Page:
Culinary union expresses concerns about returning to work - Video
The Culinary union expresses its concerns about returning to work and the safety precautions that casinos are taking to ensure the safety of staff.
Bellagio poker room reopens with approval to host six-handed games - Video
The installation of plexiglass dividers between the players gave the Bellagio an edge over the other poker rooms open in Las Vegas. (Las Vegas Review-Journal)
Westgate reopens after coronavirus shutdown - Video
Jay Kornegay, vice president of Westgate Sportsbook, talks about the reopening of the casino on Thursday, June 18. (Rachel Aston/Las Vegas Review-Journal)
Final beam of Circa resort tower moved into place - Video
A crane whisked the final beam in the construction of downtown Las Vegas’ Circa resort property into place Friday morning, June 19, and crews paused momentarily, then continued working to ensure the casino's Oct. 28 opening. (Michael Quine/Las Vegas Review-Journal)
Paris Las Vegas reopens - Video
The Paris Las Vegas hotel-casino reopened its doors on June 18 after the statewide shutdown in response to COVID-19. (Mackenzie Behm/Las Vegas Review-Journal)
Masks required at casino table games in Nevada - Video
The state Gaming Control Board has ordered Nevada casinos to require players and spectators of most casino table and card games to wear protective face coverings.
Downtown Las Vegas’ Circa to open in October - Video
Circa resort-casino’s first five floors are set to open Oct. 28, according to CEO and developer Derek Stevens. (Michael Quine/Las Vegas Review-Journal)
Las Vegas movie theaters set July reopening date - Video
Las Vegas movie theater reopenings will start Regal, the valley’s largest exhibitor, announced Tuesday that it will reopen its theaters starting July 10, albeit in a modified fashion. (Heidi Fang/Las Vegas Review-Journal)
Contractors say they’re owed $36M for work done at Drew Las Vegas - Video
Three months after coronavirus turmoil shut off construction of the Drew Las Vegas, contractors have levied claims for more than $36 million in unpaid bills. (Heidi Fang/Las Vegas Review-Journal)
Contractors say they’re owed $36M for work done at Drew Las Vegas
Three months after coronavirus turmoil shut off construction of the Drew Las Vegas, contractors have levied claims for more than $36 million in unpaid bills. (Michael Quine/Las Vegas Review-Journal)
Many Las Vegas guests ignoring COVID-19 protocols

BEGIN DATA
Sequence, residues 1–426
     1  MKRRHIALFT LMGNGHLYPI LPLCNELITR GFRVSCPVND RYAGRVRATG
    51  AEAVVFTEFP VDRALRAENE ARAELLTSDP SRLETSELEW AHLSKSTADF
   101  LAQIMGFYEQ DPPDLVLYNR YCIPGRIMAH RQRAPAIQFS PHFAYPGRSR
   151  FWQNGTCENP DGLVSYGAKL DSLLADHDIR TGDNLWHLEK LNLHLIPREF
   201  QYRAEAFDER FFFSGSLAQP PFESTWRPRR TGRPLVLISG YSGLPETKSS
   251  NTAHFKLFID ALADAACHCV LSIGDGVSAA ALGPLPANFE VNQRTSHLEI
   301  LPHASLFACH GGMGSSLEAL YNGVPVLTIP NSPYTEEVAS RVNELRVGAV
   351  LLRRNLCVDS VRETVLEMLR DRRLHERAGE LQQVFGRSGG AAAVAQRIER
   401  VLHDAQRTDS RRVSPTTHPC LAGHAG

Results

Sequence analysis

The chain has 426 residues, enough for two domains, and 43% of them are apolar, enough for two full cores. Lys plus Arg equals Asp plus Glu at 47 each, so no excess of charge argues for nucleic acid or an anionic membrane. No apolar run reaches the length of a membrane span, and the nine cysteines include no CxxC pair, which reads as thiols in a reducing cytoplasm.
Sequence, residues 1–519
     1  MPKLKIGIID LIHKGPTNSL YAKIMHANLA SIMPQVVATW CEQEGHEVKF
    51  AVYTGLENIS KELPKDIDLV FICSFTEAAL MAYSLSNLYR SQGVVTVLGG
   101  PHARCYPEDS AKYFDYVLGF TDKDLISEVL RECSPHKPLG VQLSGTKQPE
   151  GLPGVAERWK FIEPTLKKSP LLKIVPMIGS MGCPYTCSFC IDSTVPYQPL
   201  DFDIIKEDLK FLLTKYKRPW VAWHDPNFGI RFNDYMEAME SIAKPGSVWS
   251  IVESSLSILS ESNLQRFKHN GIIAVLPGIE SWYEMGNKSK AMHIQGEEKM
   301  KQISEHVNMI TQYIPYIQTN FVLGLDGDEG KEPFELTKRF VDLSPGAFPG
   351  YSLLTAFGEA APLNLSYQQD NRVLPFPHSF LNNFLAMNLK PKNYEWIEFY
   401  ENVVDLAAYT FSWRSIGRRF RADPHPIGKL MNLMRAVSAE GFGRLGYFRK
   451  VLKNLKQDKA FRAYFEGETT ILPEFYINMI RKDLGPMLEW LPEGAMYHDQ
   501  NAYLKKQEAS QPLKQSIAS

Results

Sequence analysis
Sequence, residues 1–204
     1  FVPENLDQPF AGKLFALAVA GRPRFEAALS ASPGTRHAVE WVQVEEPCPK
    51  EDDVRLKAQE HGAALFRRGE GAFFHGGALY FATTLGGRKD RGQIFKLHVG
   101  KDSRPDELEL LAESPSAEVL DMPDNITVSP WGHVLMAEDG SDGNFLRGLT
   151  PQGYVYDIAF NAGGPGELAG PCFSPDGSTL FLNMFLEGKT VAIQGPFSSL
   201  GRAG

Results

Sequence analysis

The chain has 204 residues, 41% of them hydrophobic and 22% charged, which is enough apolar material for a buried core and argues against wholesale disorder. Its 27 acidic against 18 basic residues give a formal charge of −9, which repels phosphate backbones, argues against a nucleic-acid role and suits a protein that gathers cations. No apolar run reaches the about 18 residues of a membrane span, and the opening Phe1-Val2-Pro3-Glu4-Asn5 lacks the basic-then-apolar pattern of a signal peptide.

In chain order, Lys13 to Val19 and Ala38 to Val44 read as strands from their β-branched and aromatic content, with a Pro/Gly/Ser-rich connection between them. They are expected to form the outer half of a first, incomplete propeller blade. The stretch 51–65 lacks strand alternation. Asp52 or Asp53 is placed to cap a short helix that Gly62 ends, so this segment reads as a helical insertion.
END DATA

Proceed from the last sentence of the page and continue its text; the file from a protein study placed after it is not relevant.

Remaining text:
Casinos are putting safety first but many Las Vegas guests are not socially distancing.
As Las Vegas casinos reopen, not every employee is convinced it's safe to go back.
As Las Vegas casinos reopen, some employees aren't convinced it's safe to go back.
1.54M Americans filed for unemployment last week - Video
The U.S. Labor Department released the unemployment numbers on Thursday, June 11. (Las Vegas Review-Journal)
1.54 Million Americans Filed for Unemployment Last Week
1.54 Million Americans Filed for Unemployment Last Week. The U.S. Labor Department released the unemployment numbers on Thursday. The number of jobless claims was just below economists' predictions of 1.55 million claims. 1.897 million Americans applied for unemployment insurance the previous week. More than 44 million Americans have filed jobless claims in the past three months. Continuing claims nearly topped 21 million. The numbers follow the May jobs report, which revealed that more than two million jobs were added to the U.S. economy in May. Initial jobless claims continued the gradual downward trend. But it is still hard to square the claims figures with the much more upbeat news on the labor market from May’s Employment Report, Capital Economics, via Yahoo Finance
Visitors return to Las Vegas
Guests returned to Las Vegas casinos throughout the weekend. Casinos reopened on Thursday after being closed for 78 days because of the coronavirus pandemic.
Gov. Sisolak tours casino property after reopening - Video
Gov. Steve Sisolak and Sandra Morgan, chairwoman of the Nevada Gaming Control Board, participated in a tour of the Wynn Las Vegas hotel-casino where they share their first thoughts on casinos reopening. (Erik Verduzco/Las Vegas Review-Journal)
Treasure Island reboots operations after coronavirus shutdown - Video
When casinos shut down, not only were tourists unseen on the Las Vegas Strip, but jobs were temporarily lost. Treasure Island took the months off to remodel and fix the property, adjusting the casino for COVID-19 norms. Now that they’re open again, management is slowly hiring back staff as guests return. (Rachel Aston/Las Vegas Review-Journal)
Lake Las Vegas beach mansion lists for nearly $6M

A Mediterranean-style mansion on the south shore of Lake Las Vegas has hit the market for $5.95 million, and it’s as if you’re transported to northern Italy with its views overlooking the water.

Apartment complex to open in Arts District

The 63-unit Share Downtown, at the corner of Casino Center Boulevard and Colorado Avenue, is scheduled to open later this month, with the first 16 units now available for lease, management announced Wednesday.